Footbag isn’t just the sport you played in the parking lot after school. In fact a lot of people take it quite seriously. It’s been competitive sport in several forms since the 1970’s-with a substantial number of footbag tournaments and festivals held around the world every year. Commonly known as Hacky Sack (actually a product manufactured by Wham-O, Inc.), footbag clubs are popping up all over the country including the Blue Ridge.

Pete Irish of Maryland has been kicking competitively for 20 years. His foot fetish began casually in the late 80s after he broke his arm in a skateboarding accident. After a little practice he made his parents drive him to the 1986 East Coast Footbag Championships in New Jersey. He quickly learned that this was a serious sport.

Upon arrival to the event, I immediately discovered I wasn’t very good at all,” says Irish. “The games at their highest level take so much practice and skill that to be the best or one of them you literally have to devote a large portion of your life.”

Irish put in the time, and now he has five world championships to show for it.

The East Coast has one of the biggest concentrations of tournaments in the U.S. This year’s East Coast Championships took place in Maryland in June, and the Southeast Regionals will take place in Murfreesboro, Tenn., on October 14.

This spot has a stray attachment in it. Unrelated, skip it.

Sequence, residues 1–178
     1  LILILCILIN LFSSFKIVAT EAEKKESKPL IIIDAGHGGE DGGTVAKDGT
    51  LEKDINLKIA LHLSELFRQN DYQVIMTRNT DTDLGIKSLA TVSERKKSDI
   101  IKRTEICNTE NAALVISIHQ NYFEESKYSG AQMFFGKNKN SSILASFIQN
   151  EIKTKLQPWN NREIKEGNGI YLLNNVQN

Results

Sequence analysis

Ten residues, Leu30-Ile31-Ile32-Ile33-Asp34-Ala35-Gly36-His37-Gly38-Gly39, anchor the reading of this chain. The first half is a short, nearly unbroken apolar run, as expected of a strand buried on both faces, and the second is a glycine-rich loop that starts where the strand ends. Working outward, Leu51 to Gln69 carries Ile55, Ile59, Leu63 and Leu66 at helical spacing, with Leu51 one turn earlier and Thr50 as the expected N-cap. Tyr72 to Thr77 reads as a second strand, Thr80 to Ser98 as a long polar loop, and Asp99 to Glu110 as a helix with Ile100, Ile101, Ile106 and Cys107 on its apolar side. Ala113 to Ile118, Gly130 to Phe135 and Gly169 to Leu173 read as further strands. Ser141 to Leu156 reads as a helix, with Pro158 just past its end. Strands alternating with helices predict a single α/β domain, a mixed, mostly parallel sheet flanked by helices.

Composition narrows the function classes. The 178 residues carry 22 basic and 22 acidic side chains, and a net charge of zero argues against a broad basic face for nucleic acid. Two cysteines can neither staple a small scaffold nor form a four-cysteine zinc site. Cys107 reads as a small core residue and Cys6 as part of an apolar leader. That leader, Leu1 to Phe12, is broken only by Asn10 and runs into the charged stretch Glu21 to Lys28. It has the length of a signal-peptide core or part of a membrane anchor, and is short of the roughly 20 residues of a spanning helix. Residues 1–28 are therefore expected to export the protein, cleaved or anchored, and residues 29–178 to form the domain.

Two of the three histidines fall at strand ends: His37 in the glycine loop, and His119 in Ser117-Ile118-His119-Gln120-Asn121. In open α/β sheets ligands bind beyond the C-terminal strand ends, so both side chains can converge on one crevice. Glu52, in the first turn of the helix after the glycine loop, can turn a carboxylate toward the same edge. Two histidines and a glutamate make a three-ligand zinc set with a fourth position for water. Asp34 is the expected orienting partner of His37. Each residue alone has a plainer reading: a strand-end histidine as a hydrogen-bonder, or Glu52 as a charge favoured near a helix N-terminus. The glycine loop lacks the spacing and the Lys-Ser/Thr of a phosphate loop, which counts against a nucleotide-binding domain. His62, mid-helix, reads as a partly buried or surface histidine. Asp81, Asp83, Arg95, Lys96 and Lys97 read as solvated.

There are two main competitive forms of the sport are Footbag Net and Footbag Freestyle. Footbag Net combines the court strategy of tennis with the set-and-spike strategy of volleyball. Players use only their feet to kick the bag over a five-foot net. The rules for doubles are similar to volleyball: players are allowed three kicks per side and must alternate. In singles, however, players are only allowed two kicks per side. The footbag may not contact a player’s body except below the knee.

Footbag Freestyle is the more artistic form of the sport. It can be a flurry of difficult moves, or it can be smooth and flowing, as if in slow motion. Competitors are judged along four dimensions: choreography, difficulty, variety, and execution. Players choreograph routines to music, and are judged on how well their style of play matches their choice of music, as well as originality and creativity. Each move or trick has a determinable difficulty rating. Players must perform moves, and execution is then judged by smoothness, confidence, and, above all, the ability of the player to keep the footbag off the ground.

The professional circuit is still small and underground but growing. Recently footbag has taken a huge jump abroad, particularly in Europe and Asia. The current world champions in freestyle and net are Europeans, and the World Championships has been held outside the US for the last three years.

Locally, kicking clans have sprung up across the Blue Ridge, including clubs in Asheville, Boone, Virginia Beach, Arlington, Atlanta, Knoxville, and Silver Spring, Md., and Knoxville, Tenn. For a complete listing of clubs and more info, visit <em>www.footbag.org</em>.